Why do branded computers cost so much?
Updated: Nov 18, 2019
So why do all these branded computers cost so much anyway?
You're familiar with brands like Apple, Dell, HP, Microsoft, Acer, Lenovo, Panasonic and what have you. Their computer products come in the form of desktops or laptops. But have you ever wondered why they are priced the way they are?
Is it simply because of the brand name? Or is there a higher level of calculation and justification for the amount you are paying. So let us illustrate this point, allowing you to better understand where your hard-earned money is going to.
A point that is often overlooked is integration. We know you have heard of or maybe even partake in do-it-yourself or DIY computers. Creating your own desktop computer is not that difficult, and if money is no object, you simply put the most expensive parts together. Or if you want a budget system, you do the exact opposite using the cheapest parts available.
Brands like Apple or Dell cannot afford to do that. They have massive overheads and are giant conglomerates. And depending on the brand, the level of integration they commit to can be very little or a lot.
That was confusing to hear, we know. A brand that sells lower-cost computers with the same specification as another brand, may not necessarily be better or the same quality. That little bit of premium might actually be justified by massive hours of integration work. Integration in the sense, where each part is thoroughly tested and tuned to work seamlessly with the other. Just a simple thing as chassis design from a computer brand, especially when it comes to laptops, can make a huge difference in the longevity of a part.
Based on our own anecdotal experiences, we have seen some particular brands that seem to have hardware failures from as little as a year. And you have brands that are integrated so well, that even after five years, their computers still have resale value. And we know you know what we are talking about.
Integration takes time, a high-end ram capable of running at high clock speeds is wasted on a motherboard that cannot support it, forcing the ram to run at a lower performance the motherboard is designed to handle. The same thing goes for installing a really fast processor on a computer that has parts simply designed to perform administrative tasks at best.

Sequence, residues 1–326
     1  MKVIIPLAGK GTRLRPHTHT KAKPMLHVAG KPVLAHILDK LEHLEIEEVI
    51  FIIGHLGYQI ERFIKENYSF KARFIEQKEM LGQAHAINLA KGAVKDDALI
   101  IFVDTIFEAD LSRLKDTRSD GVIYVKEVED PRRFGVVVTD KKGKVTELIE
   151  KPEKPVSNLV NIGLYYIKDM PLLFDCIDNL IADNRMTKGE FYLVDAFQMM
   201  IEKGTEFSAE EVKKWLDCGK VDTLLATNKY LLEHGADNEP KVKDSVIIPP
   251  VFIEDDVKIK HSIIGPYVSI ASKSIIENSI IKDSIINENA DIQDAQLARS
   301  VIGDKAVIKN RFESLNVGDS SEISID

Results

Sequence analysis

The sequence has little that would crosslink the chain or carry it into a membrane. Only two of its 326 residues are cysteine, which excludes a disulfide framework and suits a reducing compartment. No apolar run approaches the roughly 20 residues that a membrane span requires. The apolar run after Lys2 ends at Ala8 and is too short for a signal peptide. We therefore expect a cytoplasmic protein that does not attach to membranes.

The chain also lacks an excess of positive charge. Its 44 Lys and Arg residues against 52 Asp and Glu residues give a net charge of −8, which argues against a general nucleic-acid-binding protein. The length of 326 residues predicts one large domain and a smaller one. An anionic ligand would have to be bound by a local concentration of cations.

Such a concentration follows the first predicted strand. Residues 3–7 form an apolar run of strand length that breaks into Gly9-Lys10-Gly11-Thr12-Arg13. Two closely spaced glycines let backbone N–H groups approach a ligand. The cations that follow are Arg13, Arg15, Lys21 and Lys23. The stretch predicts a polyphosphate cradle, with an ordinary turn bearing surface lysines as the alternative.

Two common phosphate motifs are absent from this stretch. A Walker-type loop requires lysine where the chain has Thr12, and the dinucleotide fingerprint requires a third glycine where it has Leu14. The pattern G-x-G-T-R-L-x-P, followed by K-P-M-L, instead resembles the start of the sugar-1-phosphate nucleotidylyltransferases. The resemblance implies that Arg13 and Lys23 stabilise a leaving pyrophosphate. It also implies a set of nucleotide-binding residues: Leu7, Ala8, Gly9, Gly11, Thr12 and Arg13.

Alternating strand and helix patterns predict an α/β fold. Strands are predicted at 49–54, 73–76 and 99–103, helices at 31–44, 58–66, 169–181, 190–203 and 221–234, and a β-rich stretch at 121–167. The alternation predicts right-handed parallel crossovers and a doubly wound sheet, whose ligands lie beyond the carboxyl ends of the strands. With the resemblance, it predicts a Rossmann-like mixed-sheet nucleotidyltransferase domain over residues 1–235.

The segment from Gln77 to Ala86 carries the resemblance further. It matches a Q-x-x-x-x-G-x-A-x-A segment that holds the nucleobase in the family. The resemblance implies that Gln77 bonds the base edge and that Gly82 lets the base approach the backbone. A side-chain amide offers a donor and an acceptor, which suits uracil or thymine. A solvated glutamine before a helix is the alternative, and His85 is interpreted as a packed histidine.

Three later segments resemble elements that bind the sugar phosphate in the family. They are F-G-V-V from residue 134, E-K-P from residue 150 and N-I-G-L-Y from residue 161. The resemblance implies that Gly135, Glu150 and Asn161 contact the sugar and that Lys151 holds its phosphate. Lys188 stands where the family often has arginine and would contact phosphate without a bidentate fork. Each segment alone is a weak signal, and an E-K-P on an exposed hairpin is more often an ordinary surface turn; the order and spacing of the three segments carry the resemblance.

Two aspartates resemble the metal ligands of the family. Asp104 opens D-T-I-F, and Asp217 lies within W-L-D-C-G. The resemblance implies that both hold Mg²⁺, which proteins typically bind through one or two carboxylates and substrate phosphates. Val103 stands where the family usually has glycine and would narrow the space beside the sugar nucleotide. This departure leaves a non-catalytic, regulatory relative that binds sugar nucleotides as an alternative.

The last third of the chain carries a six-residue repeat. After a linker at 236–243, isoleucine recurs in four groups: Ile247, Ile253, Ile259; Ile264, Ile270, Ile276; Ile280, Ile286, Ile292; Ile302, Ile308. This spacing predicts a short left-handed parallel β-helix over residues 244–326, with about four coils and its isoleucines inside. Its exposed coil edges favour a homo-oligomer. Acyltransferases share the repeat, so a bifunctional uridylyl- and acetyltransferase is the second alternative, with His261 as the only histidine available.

We know you love having an Intel i7 processor. Run your 'task manager' or 'activity monitor'. If you are running Spotify, mountains of youtube videos, twenty tabs on your internet browser, plenty of excel sheets, and your CPU is still running at 10-20%? You could have saved a few hundred dollars with a lower end Intel i5 processor.
Integration is extremely important and it is much like the programming that happens behind a website. But the UI/UX, the interface, the OS of hardware is called design.
A clunky, ugly and unintuitive design makes life difficult for your sales team. To a certain extent, brands like Apple and Asus can credit much of their sales to the sleek design of their computers alone.
However, 'design' is not so one-dimensional. From negotiating how many peripheral inputs/output ports your customers need, to the size of the screen, the size of the keys on each keyboard, the color of the finishing and even the overall weight of the product. Desktops or laptops or mobile devices, these concerns when it comes to design applies to all.
A hardware designer's job is to sit and think from the customers' point of view. But they also are concerned with the needs of the hardware, from cooling to wear and tear. Great brands spend a lot of money on design, it may seem like they are asking for a lot of money from you but there is much more to it than meets the eye.
One thing often overlooked by consumers is definitely IT support. We are not talking about an IT services company or computer repair shop. Let's backtrack here a bit. Computer companies are not like mobile phones or appliance companies. Warranties actually mean something to them and some companies offer on-site support. For example Lenovo or Asus, they cost a little more than average but often come with two to three years on-site support hour. This means if your computer goes down for reason beyond your control, they will come down to your house to repair or replace the part for you! And no, we are not joking. Unless you punched your computer or poured water over your laptop keyboard, they will come down to where you are to repair your computer. Say your ram dies, your monitors die, or the computer just refuses to turn on.
Companies like Apple for example also provide Apple care, but you have to go down to their service provider location to get service. Maybe they have on-site support, but as far as we can remember, you have to go to them. They do have telephone support too, but that is not what we are talking about here.
Here is the weird thing, sometimes the same computer with the same specification are only priced maybe a hundred dollars apart, yet one of them comes with on-site support and the other does not. And this is what we think is very important, especially for you as a consumer to focus on. Your time is important, your time is money.
Do you really have time to bring your computer somewhere to get it fixed or would you rather have technicians on standby to come to you at a moment's notice?
Many things in this world are inaccurately priced. But trust us, when it comes to computers, that is not necessarily the case. These brands have been around for ages because they deliver quality. Still, good brands can run the risk of going out of business because consumers are ill-informed. You have to do your part in ensuring the longevity of brands that are working hard to deliver to you the best product possible.